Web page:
Finally, those who believe it was ill-timed or not implemented correctly simply suggest that the systems required for such an instant action should first have been put in place to reduce the weight of its impact on already struggling citizens.
A post subsidy era
Following the announcement for the removal of subsidy, NNPC released a list of their new prices showing different locations and their prices. Previously, NNPC has been the country’s sole importer of petroleum products with a core reason being the lack of access to the required foreign exchange at the official window for others to compete.
However, with its deregulation, the Nigerian Midstream and Downstream Petroleum Regulatory Authority (NMDPRA) has revealed that over 56 companies had applied for licences to import petrol into the country and six oil marketers have been granted the opportunity to start importing. What this means is that market forces will now dictate prices.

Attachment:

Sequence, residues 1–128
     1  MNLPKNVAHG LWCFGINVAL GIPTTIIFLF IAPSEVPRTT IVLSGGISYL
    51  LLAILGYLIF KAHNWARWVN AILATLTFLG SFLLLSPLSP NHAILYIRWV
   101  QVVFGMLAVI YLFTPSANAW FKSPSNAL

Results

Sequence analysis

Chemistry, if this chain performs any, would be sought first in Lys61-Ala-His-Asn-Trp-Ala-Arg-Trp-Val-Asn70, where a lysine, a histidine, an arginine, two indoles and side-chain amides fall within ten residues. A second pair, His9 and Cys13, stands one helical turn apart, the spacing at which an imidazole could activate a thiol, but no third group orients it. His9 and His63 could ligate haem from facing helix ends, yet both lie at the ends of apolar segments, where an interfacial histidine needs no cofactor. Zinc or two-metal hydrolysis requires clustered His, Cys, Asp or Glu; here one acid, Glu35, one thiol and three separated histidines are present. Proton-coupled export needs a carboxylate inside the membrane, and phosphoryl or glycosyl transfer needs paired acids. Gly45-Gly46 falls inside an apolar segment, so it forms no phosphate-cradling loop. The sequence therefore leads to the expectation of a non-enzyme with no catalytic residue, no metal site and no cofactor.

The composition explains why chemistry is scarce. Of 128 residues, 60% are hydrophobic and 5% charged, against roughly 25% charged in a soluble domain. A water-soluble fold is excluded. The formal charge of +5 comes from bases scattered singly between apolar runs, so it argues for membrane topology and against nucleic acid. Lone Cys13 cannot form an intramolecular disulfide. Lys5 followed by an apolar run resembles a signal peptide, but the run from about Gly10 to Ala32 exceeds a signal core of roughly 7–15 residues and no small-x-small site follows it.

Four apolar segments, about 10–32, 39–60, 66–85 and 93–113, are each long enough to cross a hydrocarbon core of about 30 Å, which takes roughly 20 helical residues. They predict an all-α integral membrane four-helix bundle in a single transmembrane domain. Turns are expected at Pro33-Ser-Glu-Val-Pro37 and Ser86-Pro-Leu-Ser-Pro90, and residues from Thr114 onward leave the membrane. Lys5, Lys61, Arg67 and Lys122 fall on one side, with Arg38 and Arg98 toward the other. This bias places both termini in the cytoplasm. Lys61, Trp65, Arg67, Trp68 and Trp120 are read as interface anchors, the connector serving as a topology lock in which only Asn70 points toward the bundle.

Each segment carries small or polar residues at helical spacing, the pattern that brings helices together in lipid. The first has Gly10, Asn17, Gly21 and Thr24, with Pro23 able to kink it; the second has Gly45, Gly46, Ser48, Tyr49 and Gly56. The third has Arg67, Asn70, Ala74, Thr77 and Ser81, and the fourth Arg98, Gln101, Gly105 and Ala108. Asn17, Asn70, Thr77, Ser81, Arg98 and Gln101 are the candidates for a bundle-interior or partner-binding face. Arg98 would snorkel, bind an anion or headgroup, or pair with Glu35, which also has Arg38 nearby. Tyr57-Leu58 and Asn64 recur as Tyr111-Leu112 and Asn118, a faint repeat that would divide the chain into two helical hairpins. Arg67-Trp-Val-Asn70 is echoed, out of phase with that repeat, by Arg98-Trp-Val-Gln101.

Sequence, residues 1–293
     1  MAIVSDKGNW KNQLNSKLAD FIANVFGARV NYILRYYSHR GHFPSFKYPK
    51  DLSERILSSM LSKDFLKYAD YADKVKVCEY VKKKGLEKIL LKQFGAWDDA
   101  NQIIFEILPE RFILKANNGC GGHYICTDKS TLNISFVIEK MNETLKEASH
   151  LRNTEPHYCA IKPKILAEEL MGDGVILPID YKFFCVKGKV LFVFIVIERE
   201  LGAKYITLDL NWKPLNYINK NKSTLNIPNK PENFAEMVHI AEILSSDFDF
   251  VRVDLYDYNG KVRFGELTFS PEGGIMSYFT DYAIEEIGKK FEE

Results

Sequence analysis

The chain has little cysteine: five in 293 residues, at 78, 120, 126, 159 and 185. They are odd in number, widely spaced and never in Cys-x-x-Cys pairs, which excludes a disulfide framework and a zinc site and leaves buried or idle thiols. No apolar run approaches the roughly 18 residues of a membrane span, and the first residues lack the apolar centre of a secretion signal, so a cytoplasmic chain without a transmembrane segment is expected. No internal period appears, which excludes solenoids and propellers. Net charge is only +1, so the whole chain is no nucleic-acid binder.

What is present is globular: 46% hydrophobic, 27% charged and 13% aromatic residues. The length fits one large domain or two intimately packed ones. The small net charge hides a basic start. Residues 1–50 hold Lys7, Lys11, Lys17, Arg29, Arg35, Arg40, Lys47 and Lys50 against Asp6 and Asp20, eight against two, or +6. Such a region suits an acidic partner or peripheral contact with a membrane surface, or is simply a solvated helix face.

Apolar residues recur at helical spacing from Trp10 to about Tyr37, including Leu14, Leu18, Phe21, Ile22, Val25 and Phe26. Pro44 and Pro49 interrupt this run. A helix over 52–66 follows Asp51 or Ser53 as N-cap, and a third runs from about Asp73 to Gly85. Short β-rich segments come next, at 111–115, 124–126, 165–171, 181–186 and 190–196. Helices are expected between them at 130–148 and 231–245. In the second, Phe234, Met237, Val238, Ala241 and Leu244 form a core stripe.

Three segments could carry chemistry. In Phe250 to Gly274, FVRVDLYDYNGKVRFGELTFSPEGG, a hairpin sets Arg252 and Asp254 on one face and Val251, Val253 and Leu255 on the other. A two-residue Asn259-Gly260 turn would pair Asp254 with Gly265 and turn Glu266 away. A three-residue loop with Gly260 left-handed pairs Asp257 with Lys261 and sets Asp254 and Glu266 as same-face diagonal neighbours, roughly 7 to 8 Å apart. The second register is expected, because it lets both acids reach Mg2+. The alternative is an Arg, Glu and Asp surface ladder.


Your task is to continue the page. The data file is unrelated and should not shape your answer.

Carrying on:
The implication of this is first that the market forces of demand and supply will be in full force. From a negative perspective, it means that depending on the economic situation – say a scarcity of some sort or changes in FX unfurl, prices could get significantly worse overnight. It is why just a few weeks ago, prices in many parts of Nigeria surged as high as 617 Naira per litre.
This, however, is not all negative. Breaking the age-long monopoly of NNPC means the market will decide the prices. It also means competition will also come in. It means the PMS market will see increased investments that will boost the industry. All Nigerians require is the right (perfect) information to make effective buying decisions enough to also be key players in the industry. With perfect pricing information, there will be increased transparency and competition which too will play a core role in driving down prices and bettering their standard of living.